Shelby County Schools superintendent Dorsey Hopson said Monday, Oct. 14, the school system will apply for $23 million in federal Head Start funding that now goes to Shelby County government.
Shelby County Mayor Mark Luttrell said Monday, Oct. 14, Porter-Leath children’s service will also make a bid for the Head Start contract county government now operates.
And Luttrell said Monday he could foresee backing both applications.
Luttrell said last month that he wanted to see the federal funding go to someone else who had the ability to expand the early childhood development program beyond what county government has been able to do in the last decade.
Hopson said the school system's goal is to contract with Head Start providers with the school system enforcing a set of rigorous standards to align the Head Start curriculum with what is expected of those children once they reach kindergarten in the Shelby County Schools system.
The ultimate decision on whoever applies will be up to officials with the federal Department of Health and Human Services. And the deadline for applications is Oct. 22.
Meanwhile, Shelby County Commissioners, at their last commission meeting before the deadline, voted down a resolution by commissioner Steve Mulroy urging county government to apply again for Head Start funding if the school system doesn’t. That was several hours before Hopson announced the school system would be applying.
The resolution failed on a 6-5 vote with commissioner Henri Brooks absent. The resolution required seven votes to pass.
The vote followed a commission debate that cut along party lines on whether county government should remain in the business of funding and contracting out Head Start services and whether Porter-Leath represents a move to “privatize” such services.
The commission also approved Monday an $18.2 million annual contract with Correct Care Solutions LLC to provide medical services to prisoners at the Shelby County Jail and inmates at the County Corrections Center. The contract includes four one-year renewal periods and is the largest contract dollar amount the commission votes on.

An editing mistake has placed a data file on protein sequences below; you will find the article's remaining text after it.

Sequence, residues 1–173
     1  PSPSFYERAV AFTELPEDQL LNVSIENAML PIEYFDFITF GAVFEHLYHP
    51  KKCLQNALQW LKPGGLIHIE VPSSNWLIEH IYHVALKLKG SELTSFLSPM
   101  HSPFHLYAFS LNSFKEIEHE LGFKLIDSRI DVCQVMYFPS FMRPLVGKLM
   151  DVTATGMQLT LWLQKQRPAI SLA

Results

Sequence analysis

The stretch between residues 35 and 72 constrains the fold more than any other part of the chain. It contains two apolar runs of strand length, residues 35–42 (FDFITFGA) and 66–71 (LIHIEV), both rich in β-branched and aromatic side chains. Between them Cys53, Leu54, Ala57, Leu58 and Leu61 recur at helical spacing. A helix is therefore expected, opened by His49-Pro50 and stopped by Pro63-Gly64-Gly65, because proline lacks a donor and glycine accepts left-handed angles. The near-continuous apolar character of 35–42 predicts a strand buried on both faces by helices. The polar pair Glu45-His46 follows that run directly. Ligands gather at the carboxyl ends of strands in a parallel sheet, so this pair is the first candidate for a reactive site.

Correct Care Solutions also won a separate contract earlier this year to provide such services for children in detention at Memphis-Shelby County Juvenile Court.
Commissioner Mike Ritz led critics of the contract, saying the county should rebid the contract because Correct Care Solutions was the only bidder and because the contract could have been broken into parts to encourage more bidders.
Other commissioners and Luttrell said there were attempts to do that and any bidder could have bid on just one part of the contract. Luttrell also said he talked with local hospital and healthcare corporations about taking on the contract but got no takers.
In other action, the commission approved $750,000 in funding for the Nov. 21 city of Memphis referendum on a half percent sales tax hike. The money is to be reimbursed to the county. The Nov. 21 election date is the same date as a special general election in State House District 91 between Democratic nominee Raumesh Akbari and independent candidate Jim Tomasik.
The commission also approved a $396,094 contract with the University of Memphis for Geographic Information System – or GIS – design and data collection services through visual stream surveys. The contract is funded with storm water funds and involves GIS specialists at the university who worked with the county during the 2011 near record flooding along the Mississippi River and its tributaries. The GIS work helped emergency services providers coordinate specifically where the flooding was in relation to homes and businesses before the river level began to rise into those areas.
And commission chairman James Harvey’s ordinance to regulate used tire dealers and haulers in the unincorporated county passed on the second of three readings.